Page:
Grace Lower | Aug 26, 2020
When I arrived at my host family’s apartment in Granada, Spain, I did what every good study abroad guest should: I introduced myself, thanked my hosts earnestly, and gave them gifts to express my gratitude for their hospitality. The Ohio Red Maple cutting board was an instant hit with my host-mom. She loved the wood’s unique pattern, and she listened patiently as I tried to explain—in broken Spanish—that I had bought it at a cute local art fair back home. But when my host parents opened up my second package, they exchanged skeptical glances. I had gotten them a wine stopper made with polished Ohio flint. I’d thought that the stopper would perfect in a wine-loving country like Spain, but now I wasn’t so sure. My host-dad was the first to break the silence.
“You know, in this house, we finish every bottle of wine we open...we’ve never needed a stopper before,” he explained in Spanish. To this day, I’m not entirely sure if he was joking, but I can confirm that my wine stopper went unused the entire time I was in Spain.
Of course, you’ll never know for sure whether a host family gift will be a hit or a miss until you give it. What’s more, it’s objectively difficult to pick the perfect gift for people you barely know. So if you’re at a loss for what to bring, here are a few gift ideas that your host family will be likely to love—and a couple of items to avoid.
One of the best gifts you can give is one that will be used often. In most cases, you can never go wrong with stylish and functional kitchenware. Whether it’s a spoon holder, a bottle opener, a cutting board, or tea towels, try to find unique items that would work well in kitchens of any style. The general advice is to avoid loud colors or bold prints unless you’re certain that’s your host parents’ taste (what might work well for an urban couple’s kitchen might not be as well-received by a pair of retirees). If possible, try to learn what you can about your host family, and even do a little bit of social media sleuth work. Ultimately, you’ll need to use your best judgment and go with your gut on a kitchen item you think they’ll love.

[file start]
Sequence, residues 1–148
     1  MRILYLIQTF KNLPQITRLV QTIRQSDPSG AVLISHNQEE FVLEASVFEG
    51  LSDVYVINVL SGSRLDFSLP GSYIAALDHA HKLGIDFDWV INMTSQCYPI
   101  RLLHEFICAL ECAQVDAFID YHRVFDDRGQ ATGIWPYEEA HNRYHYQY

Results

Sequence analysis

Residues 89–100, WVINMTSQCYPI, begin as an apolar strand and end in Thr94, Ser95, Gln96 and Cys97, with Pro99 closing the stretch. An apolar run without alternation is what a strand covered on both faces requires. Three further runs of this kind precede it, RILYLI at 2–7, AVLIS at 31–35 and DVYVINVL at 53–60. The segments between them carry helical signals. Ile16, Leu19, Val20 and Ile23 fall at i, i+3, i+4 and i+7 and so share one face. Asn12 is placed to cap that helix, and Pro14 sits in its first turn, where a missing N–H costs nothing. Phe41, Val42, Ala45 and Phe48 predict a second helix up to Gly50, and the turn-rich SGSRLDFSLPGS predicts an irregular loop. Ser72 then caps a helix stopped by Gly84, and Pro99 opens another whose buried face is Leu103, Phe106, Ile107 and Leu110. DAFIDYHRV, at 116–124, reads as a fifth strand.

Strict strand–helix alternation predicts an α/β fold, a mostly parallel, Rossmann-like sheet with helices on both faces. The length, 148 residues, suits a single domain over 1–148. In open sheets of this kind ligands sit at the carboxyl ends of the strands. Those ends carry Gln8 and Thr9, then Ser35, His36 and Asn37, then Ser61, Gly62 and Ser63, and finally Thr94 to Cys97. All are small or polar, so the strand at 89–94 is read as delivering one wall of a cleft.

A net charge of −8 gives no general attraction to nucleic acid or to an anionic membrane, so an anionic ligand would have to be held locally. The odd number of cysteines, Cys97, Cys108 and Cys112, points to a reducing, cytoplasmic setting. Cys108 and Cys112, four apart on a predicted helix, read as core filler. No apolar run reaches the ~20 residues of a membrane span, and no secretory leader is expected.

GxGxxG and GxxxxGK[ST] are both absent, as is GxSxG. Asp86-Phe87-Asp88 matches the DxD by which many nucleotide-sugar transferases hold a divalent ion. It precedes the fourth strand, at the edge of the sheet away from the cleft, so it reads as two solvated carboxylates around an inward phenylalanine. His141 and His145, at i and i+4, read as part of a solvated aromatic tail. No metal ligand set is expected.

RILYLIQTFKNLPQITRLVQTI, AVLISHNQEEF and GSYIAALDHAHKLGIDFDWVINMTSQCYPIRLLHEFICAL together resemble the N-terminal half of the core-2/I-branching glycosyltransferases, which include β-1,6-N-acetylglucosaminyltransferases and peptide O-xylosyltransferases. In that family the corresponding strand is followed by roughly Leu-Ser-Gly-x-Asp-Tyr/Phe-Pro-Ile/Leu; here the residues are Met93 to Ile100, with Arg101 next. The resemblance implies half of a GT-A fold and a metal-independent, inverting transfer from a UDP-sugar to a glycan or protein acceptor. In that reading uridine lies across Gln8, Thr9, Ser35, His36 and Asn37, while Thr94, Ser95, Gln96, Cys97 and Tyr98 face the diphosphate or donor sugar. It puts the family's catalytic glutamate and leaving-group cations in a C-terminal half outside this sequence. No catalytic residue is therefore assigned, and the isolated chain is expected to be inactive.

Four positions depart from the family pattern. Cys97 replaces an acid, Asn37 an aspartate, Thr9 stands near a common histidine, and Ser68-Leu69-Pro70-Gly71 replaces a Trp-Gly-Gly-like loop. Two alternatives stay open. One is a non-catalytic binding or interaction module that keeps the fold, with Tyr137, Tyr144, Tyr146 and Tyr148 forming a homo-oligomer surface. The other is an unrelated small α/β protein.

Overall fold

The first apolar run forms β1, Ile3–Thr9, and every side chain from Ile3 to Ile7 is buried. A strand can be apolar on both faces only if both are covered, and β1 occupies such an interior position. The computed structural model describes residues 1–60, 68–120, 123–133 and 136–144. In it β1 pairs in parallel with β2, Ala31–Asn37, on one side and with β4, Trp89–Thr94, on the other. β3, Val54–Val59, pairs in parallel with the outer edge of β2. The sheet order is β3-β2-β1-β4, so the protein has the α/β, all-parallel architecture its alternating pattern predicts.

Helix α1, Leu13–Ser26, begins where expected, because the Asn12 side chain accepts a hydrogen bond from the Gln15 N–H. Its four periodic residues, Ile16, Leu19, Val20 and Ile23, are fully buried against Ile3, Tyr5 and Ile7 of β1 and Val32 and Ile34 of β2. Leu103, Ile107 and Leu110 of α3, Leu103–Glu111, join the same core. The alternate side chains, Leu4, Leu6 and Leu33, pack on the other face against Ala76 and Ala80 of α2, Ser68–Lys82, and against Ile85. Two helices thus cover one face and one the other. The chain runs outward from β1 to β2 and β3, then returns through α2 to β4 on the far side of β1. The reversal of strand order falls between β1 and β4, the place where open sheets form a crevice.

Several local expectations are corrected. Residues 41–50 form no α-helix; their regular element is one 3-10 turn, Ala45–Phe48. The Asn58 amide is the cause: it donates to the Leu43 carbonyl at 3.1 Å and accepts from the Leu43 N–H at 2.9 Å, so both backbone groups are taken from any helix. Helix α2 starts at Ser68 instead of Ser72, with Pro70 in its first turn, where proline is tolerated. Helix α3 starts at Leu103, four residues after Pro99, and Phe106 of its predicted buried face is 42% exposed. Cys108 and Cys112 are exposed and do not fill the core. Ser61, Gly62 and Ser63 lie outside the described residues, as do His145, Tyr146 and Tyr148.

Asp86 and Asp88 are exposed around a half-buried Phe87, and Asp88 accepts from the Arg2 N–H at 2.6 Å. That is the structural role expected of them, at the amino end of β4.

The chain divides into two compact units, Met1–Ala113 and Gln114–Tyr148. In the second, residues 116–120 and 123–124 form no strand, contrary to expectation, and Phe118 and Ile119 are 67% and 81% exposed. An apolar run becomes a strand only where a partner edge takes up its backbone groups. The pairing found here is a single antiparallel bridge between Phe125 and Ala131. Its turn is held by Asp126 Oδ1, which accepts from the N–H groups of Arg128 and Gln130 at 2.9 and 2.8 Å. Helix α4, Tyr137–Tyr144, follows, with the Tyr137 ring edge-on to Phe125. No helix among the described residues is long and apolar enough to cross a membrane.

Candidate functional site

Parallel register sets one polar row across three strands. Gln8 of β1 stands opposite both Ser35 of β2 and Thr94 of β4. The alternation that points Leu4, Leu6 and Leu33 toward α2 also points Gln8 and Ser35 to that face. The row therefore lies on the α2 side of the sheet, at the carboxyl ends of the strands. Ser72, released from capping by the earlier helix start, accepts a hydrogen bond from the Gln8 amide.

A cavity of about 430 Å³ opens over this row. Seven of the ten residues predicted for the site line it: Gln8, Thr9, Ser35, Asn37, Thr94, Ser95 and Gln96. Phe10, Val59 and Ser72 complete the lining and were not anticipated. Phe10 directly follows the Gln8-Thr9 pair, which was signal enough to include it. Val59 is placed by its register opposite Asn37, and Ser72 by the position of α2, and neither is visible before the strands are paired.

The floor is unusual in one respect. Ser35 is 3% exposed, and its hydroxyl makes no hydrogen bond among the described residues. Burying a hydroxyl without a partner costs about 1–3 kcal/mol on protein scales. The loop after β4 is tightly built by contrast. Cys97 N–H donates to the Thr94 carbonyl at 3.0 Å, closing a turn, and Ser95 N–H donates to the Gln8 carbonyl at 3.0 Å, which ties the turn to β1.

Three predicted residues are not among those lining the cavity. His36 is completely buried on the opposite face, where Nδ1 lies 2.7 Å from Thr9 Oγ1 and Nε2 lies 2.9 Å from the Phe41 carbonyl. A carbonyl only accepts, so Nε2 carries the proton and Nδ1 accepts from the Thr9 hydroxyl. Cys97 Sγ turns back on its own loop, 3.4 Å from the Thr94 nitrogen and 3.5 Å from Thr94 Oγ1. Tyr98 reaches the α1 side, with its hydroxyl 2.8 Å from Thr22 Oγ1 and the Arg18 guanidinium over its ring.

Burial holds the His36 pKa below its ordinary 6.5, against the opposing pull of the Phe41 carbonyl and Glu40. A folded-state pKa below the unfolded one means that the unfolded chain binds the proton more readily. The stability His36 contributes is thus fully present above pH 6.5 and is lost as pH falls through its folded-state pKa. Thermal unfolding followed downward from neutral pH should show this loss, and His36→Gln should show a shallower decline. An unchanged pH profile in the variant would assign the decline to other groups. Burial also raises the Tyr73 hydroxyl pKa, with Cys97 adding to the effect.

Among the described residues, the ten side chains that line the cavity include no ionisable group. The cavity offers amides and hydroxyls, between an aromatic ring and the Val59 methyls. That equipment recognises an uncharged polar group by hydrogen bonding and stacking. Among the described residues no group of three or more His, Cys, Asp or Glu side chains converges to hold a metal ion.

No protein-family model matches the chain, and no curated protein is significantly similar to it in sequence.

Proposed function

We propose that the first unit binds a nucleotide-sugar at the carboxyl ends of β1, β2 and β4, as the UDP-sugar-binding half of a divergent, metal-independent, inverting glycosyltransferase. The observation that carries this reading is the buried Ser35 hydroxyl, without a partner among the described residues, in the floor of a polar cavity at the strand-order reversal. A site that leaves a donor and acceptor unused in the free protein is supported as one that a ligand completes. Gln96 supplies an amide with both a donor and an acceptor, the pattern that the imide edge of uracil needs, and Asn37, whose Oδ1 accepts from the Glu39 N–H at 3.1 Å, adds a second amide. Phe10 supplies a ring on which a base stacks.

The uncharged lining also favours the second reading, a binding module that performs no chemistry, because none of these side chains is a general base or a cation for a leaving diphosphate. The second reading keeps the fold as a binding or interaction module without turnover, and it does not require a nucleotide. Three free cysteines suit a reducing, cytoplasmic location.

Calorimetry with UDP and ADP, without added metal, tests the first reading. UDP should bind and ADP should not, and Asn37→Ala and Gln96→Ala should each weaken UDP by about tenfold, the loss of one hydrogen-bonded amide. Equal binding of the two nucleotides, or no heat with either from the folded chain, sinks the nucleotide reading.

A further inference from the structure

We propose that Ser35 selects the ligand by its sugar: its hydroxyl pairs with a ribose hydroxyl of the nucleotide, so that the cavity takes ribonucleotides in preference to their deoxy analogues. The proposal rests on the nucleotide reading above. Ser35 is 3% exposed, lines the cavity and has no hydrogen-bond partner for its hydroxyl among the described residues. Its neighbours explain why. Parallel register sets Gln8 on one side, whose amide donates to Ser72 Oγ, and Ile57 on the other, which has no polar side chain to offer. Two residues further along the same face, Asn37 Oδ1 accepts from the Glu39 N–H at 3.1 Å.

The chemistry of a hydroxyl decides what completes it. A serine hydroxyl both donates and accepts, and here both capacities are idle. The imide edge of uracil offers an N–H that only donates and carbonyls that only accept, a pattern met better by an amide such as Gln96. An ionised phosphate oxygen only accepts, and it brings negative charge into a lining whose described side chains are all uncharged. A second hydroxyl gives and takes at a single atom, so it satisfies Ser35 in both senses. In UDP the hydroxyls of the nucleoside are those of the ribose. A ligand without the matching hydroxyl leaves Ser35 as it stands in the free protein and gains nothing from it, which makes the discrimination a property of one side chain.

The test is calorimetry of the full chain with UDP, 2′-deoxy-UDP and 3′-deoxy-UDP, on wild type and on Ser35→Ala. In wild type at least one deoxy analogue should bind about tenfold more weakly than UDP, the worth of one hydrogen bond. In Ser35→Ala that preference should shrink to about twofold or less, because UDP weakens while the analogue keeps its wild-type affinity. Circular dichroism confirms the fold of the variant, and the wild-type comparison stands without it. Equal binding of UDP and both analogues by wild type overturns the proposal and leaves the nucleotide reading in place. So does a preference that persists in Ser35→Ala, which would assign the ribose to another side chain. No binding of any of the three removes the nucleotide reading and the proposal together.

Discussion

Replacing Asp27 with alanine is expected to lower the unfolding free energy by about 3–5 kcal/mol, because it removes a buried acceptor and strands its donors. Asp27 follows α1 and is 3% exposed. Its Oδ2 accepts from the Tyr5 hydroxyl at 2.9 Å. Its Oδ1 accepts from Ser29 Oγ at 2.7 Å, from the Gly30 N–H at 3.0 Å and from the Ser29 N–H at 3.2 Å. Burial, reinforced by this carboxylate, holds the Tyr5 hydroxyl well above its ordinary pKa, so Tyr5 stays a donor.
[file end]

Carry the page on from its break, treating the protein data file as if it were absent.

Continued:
My hometown is just outside of Cincinnati, Ohio, and one of our favorite local treats is Skyline: a sweet and savory chili that’s served over noodles. Since you can only get Skyline in areas in and around Ohio, the seasoning packets are a hit among
my international friends. If you have a local cuisine that’s luggage-friendly, consider bringing it with you as part of your host gift. Introducing your host family to a bit of regional food is a great way to share your culture while you’re
Whether you’re staying with a family of four or an older couple, board games and playing cards are the perfect way to break the ice with your hosts. With games as a gift, you can establish a family game night tradition, or just make your first evening with your host family a little less awkward. If you’re not comfortable speaking your host family’s language, try to avoid purchasing games that involve in-depth explanations. Card games like Uno and Skip-Bo or puzzle games like Jenga don’t require much too much discussion, only a healthy spirit of competition.
Your host parents might not be familiar with American cuisine beyond hotdogs and apple pie. Why not bring a recipe book with your favorite American-style meals? If your host family is willing to share their kitchen with you, you could show them how to make your mom’s famous mac-and-cheese, throw together a rockin’ jambalaya, or make the best (and maybe only) pulled pork sandwiches they’ve ever had. The only catch? Finding American-style ingredients in the grocery store might be difficult. Maybe save your peanut butter cookies for when you’re back home in the U.S.
When in doubt, home decor can be a safe and thoughtful gift. Trinkets like candles, coasters and bookends are unique finds at a variety of stores; just make sure to choose something simple and tasteful. If possible, shop at local gift stores in your area. Otherwise, retailers like Anthropologie, Home Goods, and Pier 1 Imports are great places to start.
Above all, try not to stress about your host family’s gift. No matter what you pick out, your hosts will be thrilled to have you. The custom of gift-giving is meant to show your gratitude—it doesn’t have to be perfect, just heartfelt. Ultimately, the simple act of giving is the perfect way to establish relationships that will last.
Grace Lower is a recent college graduate with a love for writing and an incurable case of wanderlust. When she's not exploring new places, Grace enjoys teaching English as a Second Language, making terrible puns, and running incredibly long distances at incredibly slow speeds.